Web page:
Young 'Super Mario' shakes up Canadian politics

Monday, an upstart right-of-center party in Quebec won three of the four by-elections.

Monday's by-elections in Quebec, in which three of the four seats were won by the relatively new, right-of-center Action Democratique du Quebec (ADQ), may signal a new era in the province's politics – including an end to the separatist movement that has dominated political debate here for the past 40 years.

And it is all due to the efforts of one man: Mario Dumont. Mr. Dumont is the most talked-about man in Canadian politics, altering political discourse in Quebec in just eight years.

For French-speaking Quebecois, Dumont is "Super Mario," a nickname that mirrors his amazing rise from a political oddity to likely the next premier.

To others, he is the 'oldest' young man in Quebec politics – in his early 30s, he's been a member of the National Assembly, and the founder and leader of ADQ for eight years. The handsome, well-spoken – and happily married – Dumont also has been jokingly called every Quebec mother's dream son-in-law.

More important, for many young Quebeckers he is, as the newspaper Le Devoir put it, "une bouffée d'air frais" –a breath of fresh air – a break from decades of separatist debate.

The governing Parti Québécois (PQ), which held all four seats before the vote, retained only one, and that by 648 votes. The Liberals, who many felt had to win at least one seat, were shut out.

Traditionally the public uses by-elections to express dissatisfaction with the governing party on both the federal and provincial levels. The PQ, for instance, has won only two of the past eight. But observers say these may indicate a seismic shift.

"Mario Dumont is not a fad," says Christian Dufour, a professor at the Ecole Nationale d'Adminstration Publique in Montreal. "For many people, young people especially, he represents a real change from the old battles and policies of the past. For others who also want a change, he is neither the Liberals nor the Parti Quebecois, and they will vote for him for that alone, even if they don't really know what he stands for."

Dumont is a great example of the "overnight sensation" who actually has been around for years. He was the leader of the Young Liberals of Quebec when he left the party in 1994 to start his own party, the ADQ. For years, he was the party's only member. Back then, the political establishment dismissively referred to him as "Petit Mario" – Little Mario.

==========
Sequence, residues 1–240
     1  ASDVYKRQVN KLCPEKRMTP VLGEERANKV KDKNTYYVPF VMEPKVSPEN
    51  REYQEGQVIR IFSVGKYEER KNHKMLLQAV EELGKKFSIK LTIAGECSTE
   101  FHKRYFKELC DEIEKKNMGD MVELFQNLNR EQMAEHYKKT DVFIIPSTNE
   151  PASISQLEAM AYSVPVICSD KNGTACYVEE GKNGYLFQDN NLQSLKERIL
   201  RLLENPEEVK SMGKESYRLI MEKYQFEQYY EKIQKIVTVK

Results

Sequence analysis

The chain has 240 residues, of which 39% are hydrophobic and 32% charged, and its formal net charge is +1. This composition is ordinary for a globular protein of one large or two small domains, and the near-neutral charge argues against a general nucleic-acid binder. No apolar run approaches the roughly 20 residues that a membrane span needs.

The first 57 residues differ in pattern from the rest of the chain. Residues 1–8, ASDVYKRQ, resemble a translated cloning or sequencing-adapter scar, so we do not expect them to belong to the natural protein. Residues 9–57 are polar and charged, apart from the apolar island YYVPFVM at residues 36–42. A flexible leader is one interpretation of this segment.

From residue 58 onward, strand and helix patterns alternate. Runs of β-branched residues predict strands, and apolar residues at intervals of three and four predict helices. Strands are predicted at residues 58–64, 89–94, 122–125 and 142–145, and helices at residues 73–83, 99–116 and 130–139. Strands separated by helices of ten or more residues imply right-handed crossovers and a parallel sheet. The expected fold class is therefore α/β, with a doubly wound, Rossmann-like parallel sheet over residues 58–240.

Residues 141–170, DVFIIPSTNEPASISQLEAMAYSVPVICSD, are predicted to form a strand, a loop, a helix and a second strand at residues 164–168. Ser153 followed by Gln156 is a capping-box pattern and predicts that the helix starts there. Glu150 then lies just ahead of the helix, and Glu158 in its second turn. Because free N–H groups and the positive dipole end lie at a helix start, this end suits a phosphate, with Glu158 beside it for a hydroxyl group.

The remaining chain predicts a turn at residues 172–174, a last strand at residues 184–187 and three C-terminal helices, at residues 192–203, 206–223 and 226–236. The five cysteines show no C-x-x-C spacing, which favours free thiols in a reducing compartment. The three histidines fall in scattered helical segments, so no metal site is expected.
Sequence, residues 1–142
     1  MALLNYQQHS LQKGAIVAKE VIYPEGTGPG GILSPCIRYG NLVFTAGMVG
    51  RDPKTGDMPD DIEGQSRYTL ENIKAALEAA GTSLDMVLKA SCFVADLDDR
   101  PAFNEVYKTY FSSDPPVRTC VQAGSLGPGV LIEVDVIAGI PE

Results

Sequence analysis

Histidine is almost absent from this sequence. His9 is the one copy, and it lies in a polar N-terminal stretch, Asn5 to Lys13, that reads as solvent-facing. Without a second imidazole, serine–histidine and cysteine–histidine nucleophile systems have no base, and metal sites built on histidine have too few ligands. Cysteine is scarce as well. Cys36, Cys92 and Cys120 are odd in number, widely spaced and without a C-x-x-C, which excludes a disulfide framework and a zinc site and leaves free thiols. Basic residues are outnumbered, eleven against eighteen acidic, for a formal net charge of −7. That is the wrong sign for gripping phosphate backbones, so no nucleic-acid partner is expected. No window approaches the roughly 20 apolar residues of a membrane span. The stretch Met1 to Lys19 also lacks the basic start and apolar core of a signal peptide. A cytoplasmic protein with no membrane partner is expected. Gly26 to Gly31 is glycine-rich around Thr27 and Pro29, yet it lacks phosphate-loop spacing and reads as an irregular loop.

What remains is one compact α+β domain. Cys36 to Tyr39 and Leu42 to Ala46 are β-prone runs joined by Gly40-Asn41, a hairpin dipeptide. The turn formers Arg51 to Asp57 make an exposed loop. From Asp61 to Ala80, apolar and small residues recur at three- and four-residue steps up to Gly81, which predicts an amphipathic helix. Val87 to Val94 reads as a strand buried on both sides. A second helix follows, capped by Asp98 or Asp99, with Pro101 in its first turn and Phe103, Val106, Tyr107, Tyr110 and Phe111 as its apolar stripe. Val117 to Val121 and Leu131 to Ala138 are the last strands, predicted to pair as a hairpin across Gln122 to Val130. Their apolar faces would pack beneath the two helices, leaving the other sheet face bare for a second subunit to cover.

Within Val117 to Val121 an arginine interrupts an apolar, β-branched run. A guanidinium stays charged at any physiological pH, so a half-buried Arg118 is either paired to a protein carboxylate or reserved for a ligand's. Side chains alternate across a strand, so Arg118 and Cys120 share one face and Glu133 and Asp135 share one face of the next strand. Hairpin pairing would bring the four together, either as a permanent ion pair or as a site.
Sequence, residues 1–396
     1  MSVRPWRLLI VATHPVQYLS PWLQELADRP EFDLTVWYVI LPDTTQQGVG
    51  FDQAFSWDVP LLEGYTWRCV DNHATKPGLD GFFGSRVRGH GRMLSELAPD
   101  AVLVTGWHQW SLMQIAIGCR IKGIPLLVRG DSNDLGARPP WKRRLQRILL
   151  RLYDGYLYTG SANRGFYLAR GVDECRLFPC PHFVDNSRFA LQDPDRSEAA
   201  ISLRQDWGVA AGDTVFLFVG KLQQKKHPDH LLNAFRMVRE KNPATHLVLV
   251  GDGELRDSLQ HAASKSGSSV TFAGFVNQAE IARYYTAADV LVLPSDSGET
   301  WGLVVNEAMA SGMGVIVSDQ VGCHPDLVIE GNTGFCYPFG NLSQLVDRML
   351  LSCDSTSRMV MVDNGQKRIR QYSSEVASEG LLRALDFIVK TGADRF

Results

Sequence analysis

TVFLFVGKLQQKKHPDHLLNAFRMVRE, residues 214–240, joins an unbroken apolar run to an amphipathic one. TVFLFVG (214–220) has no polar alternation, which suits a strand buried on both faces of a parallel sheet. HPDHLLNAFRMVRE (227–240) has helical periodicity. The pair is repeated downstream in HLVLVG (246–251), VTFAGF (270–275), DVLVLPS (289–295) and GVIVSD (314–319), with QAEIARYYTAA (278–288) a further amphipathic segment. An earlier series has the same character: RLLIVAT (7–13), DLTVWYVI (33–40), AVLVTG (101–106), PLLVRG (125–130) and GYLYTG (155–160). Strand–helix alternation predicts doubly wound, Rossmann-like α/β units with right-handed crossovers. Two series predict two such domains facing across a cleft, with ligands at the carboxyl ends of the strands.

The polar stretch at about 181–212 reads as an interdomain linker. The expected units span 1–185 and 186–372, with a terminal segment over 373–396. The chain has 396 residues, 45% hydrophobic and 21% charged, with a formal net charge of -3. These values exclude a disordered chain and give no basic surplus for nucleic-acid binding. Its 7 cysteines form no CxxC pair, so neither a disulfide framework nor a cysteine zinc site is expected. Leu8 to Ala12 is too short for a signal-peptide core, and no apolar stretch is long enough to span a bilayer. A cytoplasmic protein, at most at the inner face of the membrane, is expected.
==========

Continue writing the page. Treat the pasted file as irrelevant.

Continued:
But Dumont kept spreading his message of a flat tax, an increased private-sector role in delivering healthcare, and a voucher system for education. While the two main parties battled over Quebec independence, Dumont increasingly presented another route, especially to young, entrepreneurial Quebecois, tired of a system where they entered the highest tax bracket at around C$54,000 (US$35,000).

At first the PQ and the Liberals ignored him. But in the past two months, they have attacked him repeatedly, hoping to scare away his growing support. A PQ member recently compared the ADQ to extreme-right winger Jean-Marie Le Pen's National Front in France, a charge later withdrawn.

While the Liberals may be the most affected by Dumont's success in the short run, it is the PQ who are the most in danger. Guy LaForest, a political scientist at Université Laval in Quebec City and a one-time policy adviser to the ADQ, says that the rise of the ADQ signals the collapse of the PQ.

"Dumont is a strong nationalist, a true Quebec patriot," says Mr. LaForest. "But he knows how to work with Canada. He knows that people want to think about other issues right now, like healthcare and taxes, more than they want to think about independence. But that doesn't mean they don't want Quebec to be strong."

Dumont still has a long way to go if he wants to be the province's next premier. After last night's by-elections, the PQ hold 69 seats, the Liberals 51, and the ADQ five. Under Canadian and Quebec law, the governing party must call a general election within the next few months. But now Dumont will have momentum on his side.

La Forest says Dumont's success allows larger, more important questions to be asked.

"The interesting question for an international audience is not why an independence movement came into being, but why did the Parti Québécois nationalism fail? Quebec is staying, but what price has Canada paid for triumphing over sovereignty.... How much has it prevented us from modernizing the Canadian system?"

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